Series 7, "Publications," includes four types of publications: a book, newspapers and clippings, newsletters, and magazines. The book is an autograph copy of Portia George’s (illustrated by Robert L. Jefferson) Gifts of Our People: An alphabet of African American History, which feature well known African American historical figures. The two newsletters feature a sample of Joyner’s cartoons with an accompanying blurb about his work and/or life experiences. As stated above in the background note, Samuel Joyner worked as a cartoonist/art director for several publications which include the African American Magazine (“Joyner’s Funnies”) and The Messenger (“Joyner’s Drawing Board”). Several issues of each publication are included in the collection. The other magazine included here is the 150th edition of The Comic Journal which features an article (biographical note) written by Joyner entitled “My life as an African-American cartoonist.” The newspapers represent the few African American newspapers that were willing to publish Joyner’s work, such as The Buckeye Review, The Dallas Post Tribune, The Houston Sun, The Milwaukee Times, The Philadelphia Tribune, Sun Life (The Houston Sun), and Take Pride! Community Weekly. Many of the newspapers are not complete issues but include the pages and/or sections of the papers that contain Joyner’s cartoons. The bulk of the publications series are newspaper clippings that also feature the cartoons drawn by Samuel Joyner or articles written about him. These clippings are from the following list of publications: The Philadelphia Inquirer, Philadelphia Magazine, Young People, Color magazine, The Philadelphia Independent, The Review/Chronicle, The Philadelphia Tribune, The illustrated Ledger, The Northwest Dispatch, The Houston Sun, The Orland Times, The Milwaukee Times, The Buckeye Review, Sun Life, The Messenger, New Journal and Guide, and Take Pride! Community Weekly.
While these items are not less significant in detailing the life and works of Samuel Joyner, they are few in number, and therefore, they are labeled as “miscellaneous.” Included is this series is a photocopy of the front cover of the 1984-1985 Bulletin of Adult Education Activities for the School District of Philadelphia’s Division of Adult Education, a certificate Excellence in Journalism Award from the Houston Sun, a letter from the director/coordinator of the Pan-African Community Education Program at Temple University, Joyner’s resume, an incomplete calendar that displays the months of May and June, and an item of clothing that advertises one component of Joyner’s business owned and operated with his wife and kids (t-shirt design). The remaining items for this series consist of the material used in the Urban Archives exhibition in 2002 and an ink bottle and paint brush once used by Mr. Joyner.
II. Art Work
The creation of the electronic guide for this collection was made possible through generous funding from The Andrew W. Mellon Foundation, administered through the Council on Library and Information Resources’ “Cataloging Hidden Special Collections and Archives” Project.
Finding aid entered into the Archivists' Toolkit by Garrett Boos.
- Temple University Libraries Special Collections Research Center
- Finding Aid Author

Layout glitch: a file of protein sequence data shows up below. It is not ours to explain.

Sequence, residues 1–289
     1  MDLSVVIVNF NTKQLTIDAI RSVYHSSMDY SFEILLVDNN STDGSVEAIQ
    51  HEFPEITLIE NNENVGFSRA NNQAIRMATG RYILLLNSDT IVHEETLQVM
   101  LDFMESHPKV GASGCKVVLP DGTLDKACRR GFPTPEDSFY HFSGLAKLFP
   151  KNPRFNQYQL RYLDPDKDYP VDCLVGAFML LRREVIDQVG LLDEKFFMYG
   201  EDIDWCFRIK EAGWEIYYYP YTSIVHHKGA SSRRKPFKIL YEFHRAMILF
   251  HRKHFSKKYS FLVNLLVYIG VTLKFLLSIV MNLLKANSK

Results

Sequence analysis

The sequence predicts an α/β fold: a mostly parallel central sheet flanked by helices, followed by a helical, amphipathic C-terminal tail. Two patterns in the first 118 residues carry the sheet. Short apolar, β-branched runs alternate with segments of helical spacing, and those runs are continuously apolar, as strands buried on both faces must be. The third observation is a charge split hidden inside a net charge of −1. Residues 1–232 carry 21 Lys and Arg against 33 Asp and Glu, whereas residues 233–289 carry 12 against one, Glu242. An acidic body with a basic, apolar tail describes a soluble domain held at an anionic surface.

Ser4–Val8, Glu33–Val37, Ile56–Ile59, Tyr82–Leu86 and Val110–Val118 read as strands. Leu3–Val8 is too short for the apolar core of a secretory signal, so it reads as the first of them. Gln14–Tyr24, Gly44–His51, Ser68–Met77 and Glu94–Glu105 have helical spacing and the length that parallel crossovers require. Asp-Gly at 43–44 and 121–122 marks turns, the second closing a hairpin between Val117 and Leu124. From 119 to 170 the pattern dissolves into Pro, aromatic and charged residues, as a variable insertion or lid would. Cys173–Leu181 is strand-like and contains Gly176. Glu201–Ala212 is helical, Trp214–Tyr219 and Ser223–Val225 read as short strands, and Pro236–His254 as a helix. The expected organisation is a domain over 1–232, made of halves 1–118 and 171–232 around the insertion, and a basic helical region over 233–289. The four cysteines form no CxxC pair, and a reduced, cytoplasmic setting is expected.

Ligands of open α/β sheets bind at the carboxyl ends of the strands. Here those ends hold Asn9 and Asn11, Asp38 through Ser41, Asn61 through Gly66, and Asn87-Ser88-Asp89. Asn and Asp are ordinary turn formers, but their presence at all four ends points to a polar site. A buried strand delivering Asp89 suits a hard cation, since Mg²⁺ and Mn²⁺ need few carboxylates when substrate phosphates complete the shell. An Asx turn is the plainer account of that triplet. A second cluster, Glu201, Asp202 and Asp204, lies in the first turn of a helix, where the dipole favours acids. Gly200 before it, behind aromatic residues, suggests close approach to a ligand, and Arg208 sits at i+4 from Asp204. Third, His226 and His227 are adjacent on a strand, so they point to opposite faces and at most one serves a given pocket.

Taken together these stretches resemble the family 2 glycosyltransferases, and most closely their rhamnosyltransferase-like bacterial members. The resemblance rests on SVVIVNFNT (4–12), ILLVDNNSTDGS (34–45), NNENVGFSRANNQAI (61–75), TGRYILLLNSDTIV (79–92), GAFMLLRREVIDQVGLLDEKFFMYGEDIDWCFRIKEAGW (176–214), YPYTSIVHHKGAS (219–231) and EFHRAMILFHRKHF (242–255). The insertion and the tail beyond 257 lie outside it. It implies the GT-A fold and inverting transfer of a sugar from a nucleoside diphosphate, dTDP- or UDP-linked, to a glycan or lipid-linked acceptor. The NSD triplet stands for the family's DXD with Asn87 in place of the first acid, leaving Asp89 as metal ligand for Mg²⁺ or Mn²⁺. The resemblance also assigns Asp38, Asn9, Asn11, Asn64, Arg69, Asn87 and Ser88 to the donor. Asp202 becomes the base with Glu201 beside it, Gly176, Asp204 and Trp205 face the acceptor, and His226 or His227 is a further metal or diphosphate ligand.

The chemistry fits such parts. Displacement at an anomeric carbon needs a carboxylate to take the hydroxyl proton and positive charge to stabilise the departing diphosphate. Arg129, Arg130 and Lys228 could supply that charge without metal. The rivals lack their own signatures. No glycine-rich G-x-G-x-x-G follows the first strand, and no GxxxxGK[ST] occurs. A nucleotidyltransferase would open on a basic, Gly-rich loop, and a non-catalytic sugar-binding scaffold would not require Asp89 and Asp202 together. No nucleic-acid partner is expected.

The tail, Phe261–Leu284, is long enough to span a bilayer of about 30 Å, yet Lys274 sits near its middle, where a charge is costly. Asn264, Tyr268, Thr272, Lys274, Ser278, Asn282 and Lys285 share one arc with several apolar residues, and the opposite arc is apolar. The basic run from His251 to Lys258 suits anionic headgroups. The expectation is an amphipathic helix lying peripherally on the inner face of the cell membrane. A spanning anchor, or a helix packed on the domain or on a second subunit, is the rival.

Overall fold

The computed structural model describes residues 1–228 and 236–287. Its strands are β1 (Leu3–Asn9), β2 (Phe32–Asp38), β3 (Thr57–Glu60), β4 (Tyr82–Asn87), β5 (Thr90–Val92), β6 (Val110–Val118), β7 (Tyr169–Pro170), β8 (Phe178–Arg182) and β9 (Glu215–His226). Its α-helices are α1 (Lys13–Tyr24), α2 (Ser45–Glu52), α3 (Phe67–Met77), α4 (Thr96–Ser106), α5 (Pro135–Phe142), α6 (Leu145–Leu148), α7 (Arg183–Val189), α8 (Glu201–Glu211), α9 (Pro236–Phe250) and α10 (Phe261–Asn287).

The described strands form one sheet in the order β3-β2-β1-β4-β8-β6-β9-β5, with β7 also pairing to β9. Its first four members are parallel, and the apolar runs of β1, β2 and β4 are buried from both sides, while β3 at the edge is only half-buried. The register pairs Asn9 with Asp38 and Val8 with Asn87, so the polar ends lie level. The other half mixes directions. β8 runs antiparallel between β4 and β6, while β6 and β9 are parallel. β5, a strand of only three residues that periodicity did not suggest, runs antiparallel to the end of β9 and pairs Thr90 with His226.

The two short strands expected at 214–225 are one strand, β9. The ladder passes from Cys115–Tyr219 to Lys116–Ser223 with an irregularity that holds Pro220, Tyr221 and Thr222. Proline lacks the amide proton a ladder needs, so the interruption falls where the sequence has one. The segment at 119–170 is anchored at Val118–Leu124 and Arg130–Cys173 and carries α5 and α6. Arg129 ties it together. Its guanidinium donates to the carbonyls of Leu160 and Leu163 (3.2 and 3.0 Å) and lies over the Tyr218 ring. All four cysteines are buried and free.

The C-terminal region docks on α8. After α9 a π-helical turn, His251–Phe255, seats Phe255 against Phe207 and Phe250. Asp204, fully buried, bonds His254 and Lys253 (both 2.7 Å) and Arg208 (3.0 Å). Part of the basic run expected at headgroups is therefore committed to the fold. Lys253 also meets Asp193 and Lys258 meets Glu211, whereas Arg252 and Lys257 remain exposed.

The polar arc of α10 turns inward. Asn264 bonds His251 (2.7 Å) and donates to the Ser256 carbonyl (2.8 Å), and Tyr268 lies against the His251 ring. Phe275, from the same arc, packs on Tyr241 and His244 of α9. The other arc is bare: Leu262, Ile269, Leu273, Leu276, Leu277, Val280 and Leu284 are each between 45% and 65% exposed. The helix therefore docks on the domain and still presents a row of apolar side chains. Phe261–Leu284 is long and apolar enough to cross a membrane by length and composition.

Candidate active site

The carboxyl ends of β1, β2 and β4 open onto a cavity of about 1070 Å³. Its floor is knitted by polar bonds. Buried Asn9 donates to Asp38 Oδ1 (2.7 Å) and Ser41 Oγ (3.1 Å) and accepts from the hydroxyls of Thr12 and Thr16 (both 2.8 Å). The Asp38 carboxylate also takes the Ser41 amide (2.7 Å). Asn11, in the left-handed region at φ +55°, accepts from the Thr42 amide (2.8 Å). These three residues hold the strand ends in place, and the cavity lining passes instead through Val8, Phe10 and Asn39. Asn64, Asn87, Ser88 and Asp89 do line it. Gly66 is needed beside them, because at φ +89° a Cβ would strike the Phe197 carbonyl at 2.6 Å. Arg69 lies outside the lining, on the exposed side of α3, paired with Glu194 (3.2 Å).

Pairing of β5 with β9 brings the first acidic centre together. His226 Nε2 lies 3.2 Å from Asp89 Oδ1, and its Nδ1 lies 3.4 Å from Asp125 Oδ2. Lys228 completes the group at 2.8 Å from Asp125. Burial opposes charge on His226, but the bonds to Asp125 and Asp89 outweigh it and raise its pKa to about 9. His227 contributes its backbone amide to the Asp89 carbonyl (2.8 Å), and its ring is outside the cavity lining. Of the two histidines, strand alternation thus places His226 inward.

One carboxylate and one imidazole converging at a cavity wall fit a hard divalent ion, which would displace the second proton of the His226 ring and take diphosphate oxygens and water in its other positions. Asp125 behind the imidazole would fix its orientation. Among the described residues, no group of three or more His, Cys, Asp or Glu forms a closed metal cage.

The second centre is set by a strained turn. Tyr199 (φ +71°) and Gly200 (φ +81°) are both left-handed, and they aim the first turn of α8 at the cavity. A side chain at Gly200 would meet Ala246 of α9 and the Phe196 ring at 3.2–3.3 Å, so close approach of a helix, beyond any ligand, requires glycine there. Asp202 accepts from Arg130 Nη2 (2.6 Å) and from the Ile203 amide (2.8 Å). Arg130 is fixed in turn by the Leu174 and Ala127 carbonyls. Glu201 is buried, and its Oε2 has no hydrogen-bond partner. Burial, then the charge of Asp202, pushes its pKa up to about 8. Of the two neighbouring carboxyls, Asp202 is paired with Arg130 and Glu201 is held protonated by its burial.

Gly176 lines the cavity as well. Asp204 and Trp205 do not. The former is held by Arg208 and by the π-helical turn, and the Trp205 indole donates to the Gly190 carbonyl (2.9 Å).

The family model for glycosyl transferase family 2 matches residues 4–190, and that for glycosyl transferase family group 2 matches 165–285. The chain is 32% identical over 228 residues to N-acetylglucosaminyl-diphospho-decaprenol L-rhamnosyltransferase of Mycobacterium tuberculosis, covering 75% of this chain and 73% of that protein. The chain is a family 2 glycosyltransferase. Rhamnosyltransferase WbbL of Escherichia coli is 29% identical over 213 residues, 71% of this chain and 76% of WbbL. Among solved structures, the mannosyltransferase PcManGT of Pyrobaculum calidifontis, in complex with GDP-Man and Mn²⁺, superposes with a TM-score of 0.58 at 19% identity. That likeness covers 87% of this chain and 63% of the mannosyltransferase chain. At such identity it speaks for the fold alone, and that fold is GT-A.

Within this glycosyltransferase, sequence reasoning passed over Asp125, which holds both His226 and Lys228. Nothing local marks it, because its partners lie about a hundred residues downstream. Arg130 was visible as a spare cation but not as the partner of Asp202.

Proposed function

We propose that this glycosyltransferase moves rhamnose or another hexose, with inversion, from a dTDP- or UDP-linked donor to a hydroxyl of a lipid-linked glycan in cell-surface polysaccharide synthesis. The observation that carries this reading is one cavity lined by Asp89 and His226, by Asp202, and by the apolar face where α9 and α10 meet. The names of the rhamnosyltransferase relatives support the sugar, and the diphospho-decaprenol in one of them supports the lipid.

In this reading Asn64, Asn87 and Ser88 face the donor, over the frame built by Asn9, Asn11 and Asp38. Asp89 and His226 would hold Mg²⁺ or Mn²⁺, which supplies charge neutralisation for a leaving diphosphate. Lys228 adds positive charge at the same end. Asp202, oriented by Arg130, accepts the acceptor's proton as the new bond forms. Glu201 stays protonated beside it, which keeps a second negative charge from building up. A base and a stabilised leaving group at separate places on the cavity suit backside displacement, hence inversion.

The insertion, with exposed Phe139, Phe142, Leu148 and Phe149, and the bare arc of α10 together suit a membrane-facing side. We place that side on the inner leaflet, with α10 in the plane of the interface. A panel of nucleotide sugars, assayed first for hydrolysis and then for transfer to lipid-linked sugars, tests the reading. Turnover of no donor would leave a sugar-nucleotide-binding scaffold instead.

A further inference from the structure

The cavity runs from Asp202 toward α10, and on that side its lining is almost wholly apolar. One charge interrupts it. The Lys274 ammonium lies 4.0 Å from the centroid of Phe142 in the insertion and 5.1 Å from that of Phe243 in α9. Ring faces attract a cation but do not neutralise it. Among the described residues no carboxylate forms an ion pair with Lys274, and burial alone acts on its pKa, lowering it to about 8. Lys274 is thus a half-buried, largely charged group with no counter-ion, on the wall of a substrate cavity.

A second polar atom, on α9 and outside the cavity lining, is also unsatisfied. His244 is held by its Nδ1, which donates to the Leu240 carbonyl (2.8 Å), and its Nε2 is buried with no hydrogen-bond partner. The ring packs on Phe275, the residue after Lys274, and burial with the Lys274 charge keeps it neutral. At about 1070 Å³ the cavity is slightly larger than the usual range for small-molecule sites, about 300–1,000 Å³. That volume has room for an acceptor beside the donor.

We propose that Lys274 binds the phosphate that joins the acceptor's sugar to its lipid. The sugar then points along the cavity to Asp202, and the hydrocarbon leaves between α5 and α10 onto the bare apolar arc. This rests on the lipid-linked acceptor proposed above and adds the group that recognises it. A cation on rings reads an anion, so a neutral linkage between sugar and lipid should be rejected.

- Finding aid prepared by Weckea D. Lilly
- Finding Aid Date
- The creation of the electronic guide for this collection was made possible through generous funding from The Andrew W. Mellon Foundation, administered through the Council on Library and Information Resources’ “Cataloging Hidden Special Collections and Archives” Project. Finding aid entered into the Archivists' Toolkit by Garrett Boos.
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This collection is open for research use.
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Copyright restrictions may apply. Please contact the Temple University Libraries Special Collections Research Center with requests for copying and for authorization to publish, quote or reproduce the material.
The majority of the photographs (N=15) depicts Samuel Joyner with his art work at various exhibits and events. Two of the photographs were taken at The Baltimore Museum of Art, two at the Annual Philadelphia International Art Expo, two with individuals affiliated with Temple University’s Pan-African Community Education Program (i.e., Yumy Odom, former director), and the remaining pictures are copies of the photos used in The Philadelphia Tribune’s article entitled “Drawing Pride: African-American illustrator and cartoonist Samuel Joyner reflects on his career of ‘being invisible’.”
This series contains three images. The first item in the folder is a drawing of a man and woman holding hands surrounded by city buildings. Another is a water-color painting of a man and woman holding hands atop a hill surrounded by nature. The final piece of art in this series is a drawing (color markers) that depicts an African American woman and man singing and playing the guitar and is inscribed with “Celebrate Black Music.”
The prints feature African American caricatures and are inscribed with bible scriptures — three are from the book of Psalms and one from St. Luke. The other print depicts a man and woman holding Christmas presents.
The four posters included in the collection represent four different organizations and/or themes: J. F. Street campaign flyer, the Tindley Temple Church Campaign Fund, the Betsy Ross House, and a promotional poster for the zoo.
This series consists of a sign displaying an event for the Bok Tech School and two business signs for Mr. Strickler.
There a total of 37 original hand drawn and pasted sketches by Samuel Joyner. Also included here are 53 photocopies of the original sketches. These are the sketches that are also published in the magazines, newspapers, and clippings.